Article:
SF/TSG: #006

This material has been developed by and is presented by The Sandwich Generation ®

THE GUILT TRAP
By Carol Abaya, M.A.

Sandwich Generationers often - and needlessly - "talk" themselves into "guilt trips" and traps.  It’s easy!

I must be perfect; please  others; always be right; be in control; help others.  I can’t stand it when people are angry with me.

Gary D. McKay, Ph.D. and Don Dinkmeyer, Ph.D. in their book "How You Feel Is Up To You" explains.

"You can determine how you talk yourself into guilt feelings by examining your thoughts.  Guilt-producing thoughts often result in statements about your personal worth and are fraught with absolute terms such as should, must always, never, can’t, awful.  When you attack your character instead of simply judging your actions, you feel guilty.  If, however, you concentrate on the action you don’t like and refuse to evaluate your worth based on mistakes, you’ll feel remorse, but not guilt.  To "get rid of the guilts" you need to choose new self-talk.  You need to get rid of absolutes and statement of self-condemnation".

Nancy L. Mace, M.A. and Peter V. Rabins, M.D. in their book "The 36-Hour Day" look at guilt in a slightly different way.

"It is quite common for family members to feel guilty: for the way they behaved toward the person in the past, for being embarrassed by the person’s odd behavior, for losing their temper with the person, for wishing they did not have the responsibility of care, for considering placing the person in a nursing home, or for many other reasons, some trivial, some critical".

Sandwich Generations often feel guilty if a parent becomes too demanding or needy or if they want to take time off for self.  In the first instance the thought is "I should  be able to do everything myself."  In the second, I should  put aside my own agenda."

Acknowledge Feelings

Mace says, "The first step is to admit that feelings of guilt are  a problem... When the feelings of guilt in a relationship are not acknowledged, they can destructively affect how you act... They become a problem when they affect your decisions.  If you are being influenced by guilt feelings, you must make a decision.  Are you going to go around in  a circle with one foot caught in the trap of guilt, or are you going to say "What is done is done" and go on from there?  There is no way to remedy the fact that you never liked your mother or that you slapped a sick person, for example.  However, guilt feelings tend to keep us looking for ways to remedy the past instead of letting us accept it.  Make decisions and plans on what is best now."

Values

Rose Marie Turek, L.C.S.W. a family counselor,  advises "Change the things that can be changed and accept the others.  Accept the fact that the elder is not going to change, or "get better".  Accept that you cannot make the elder better, because it may be that no one can."

Turek notes that unhealthy guilt comes from trying to live up to or by someone else’s standards.  "These standards or values may not be true for us.  So we may feel wrong, unworthy.  We feel angry or frustrated because we can’t live up to someone else’s values.  These negative feelings use negative energy and end up as guilt.

"Negativity within one’s self, if buried, unexpressed and not dealt with, festers and becomes a major problem."

McKay adds "Guilt can serve useful purposes.  Guilt can be a sign that you need to make some changes, if you interpret it as such and make some positive decisions.  The problem is, most people stop with the guilt feelings.  Guilt doesn’t spur them to make permanent changes in behavior."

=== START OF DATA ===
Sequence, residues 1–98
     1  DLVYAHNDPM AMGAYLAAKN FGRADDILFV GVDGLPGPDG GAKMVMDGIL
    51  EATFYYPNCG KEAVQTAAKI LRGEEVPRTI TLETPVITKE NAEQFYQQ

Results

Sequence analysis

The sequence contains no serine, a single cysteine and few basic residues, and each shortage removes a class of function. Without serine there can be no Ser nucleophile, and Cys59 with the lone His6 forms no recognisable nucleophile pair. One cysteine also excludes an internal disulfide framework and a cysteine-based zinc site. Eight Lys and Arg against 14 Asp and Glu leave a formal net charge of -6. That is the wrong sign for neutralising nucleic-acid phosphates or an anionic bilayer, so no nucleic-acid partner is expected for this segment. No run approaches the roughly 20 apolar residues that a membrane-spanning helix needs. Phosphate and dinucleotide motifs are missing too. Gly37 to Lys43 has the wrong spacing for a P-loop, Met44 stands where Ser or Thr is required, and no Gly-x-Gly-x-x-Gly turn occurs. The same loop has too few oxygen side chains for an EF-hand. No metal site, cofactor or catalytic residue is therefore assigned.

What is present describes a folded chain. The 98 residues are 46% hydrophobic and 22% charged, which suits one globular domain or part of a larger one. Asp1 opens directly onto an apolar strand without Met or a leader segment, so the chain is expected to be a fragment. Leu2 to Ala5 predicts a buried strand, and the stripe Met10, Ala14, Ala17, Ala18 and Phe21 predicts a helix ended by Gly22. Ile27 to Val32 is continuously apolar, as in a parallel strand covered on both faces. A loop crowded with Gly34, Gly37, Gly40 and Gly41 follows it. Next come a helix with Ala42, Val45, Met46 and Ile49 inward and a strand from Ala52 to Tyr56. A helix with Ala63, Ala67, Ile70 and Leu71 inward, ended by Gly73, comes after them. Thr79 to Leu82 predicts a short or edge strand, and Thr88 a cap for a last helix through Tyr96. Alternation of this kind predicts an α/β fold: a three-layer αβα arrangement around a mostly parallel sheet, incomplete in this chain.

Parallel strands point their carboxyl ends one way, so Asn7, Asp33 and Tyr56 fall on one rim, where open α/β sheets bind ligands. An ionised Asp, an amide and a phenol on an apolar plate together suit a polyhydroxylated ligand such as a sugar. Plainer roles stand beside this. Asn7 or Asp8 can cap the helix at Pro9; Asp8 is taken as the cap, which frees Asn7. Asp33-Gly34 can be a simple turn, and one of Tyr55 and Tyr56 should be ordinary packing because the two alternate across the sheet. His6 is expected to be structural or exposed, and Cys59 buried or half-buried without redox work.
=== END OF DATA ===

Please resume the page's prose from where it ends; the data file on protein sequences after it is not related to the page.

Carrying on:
Change Mind Set

McKay suggests taking several simple steps for getting rid of "guilt."

  • Examine the purpose of your guilt.  Are you punishing yourself?  Are you using guilt to excuse yourself from acting appropriately?  Are you trying to protect yourself from you feelings of anger?
  • Analyze your own beliefs and thoughts.  How do  your beliefs lead to guilt?
  • Choose new thoughts and use different words that can help you problemsolve.

Decide what you want to do.  Continue to feel guilty?  Or make a commitment to new future behavior?

Don’t Forget "I" Self

Elwood N. Chapman in his book "The Unfinished Business of Living: Helping Aging Parents Help Themselves", says, "View yourself as an assistant  to the elderly individual.  This may help you remember that the more you help them help themselves, the better it will be for them and the less pressure on you.

"Immunize your emotions.  Some domineering and highly critical parents are more demanding with their words than their hearts.  Most do not expect things to change in their favor -- they just need to complain because the world did not live up to their expectations.  Seek the underlying message and let unfounded complaints roll off your shoulder.

"Embrace the tough love approach.  "Tough love" is a genuine form of love.  It means you can get tough (stand up for yourself) yet continue to love the other party as before.

"Protect your other relationships.  Sometimes an adult child will become so intimidated and engrossed in a parent relationship that he or she will make the mistake of ignoring other relationships which may be more important.

Turek has a six ingredient recipe for getting rid of guilt.

  • Stop pretending to yourself and everyone else that you don’t feel or that your feelings do not matter.
  • Remember to always be honest with your own needs.
  • You are not obligated to meet the needs of others.  That is their own obligation.
  • Only you can know what is best for you.  You do not need to meet anyone else's standards or expectations.
  • You owe yourself loyalty to yourself.
  • Believe in yourself and your feelings and accept yourself just as you are -you are quite okay just the way you are.

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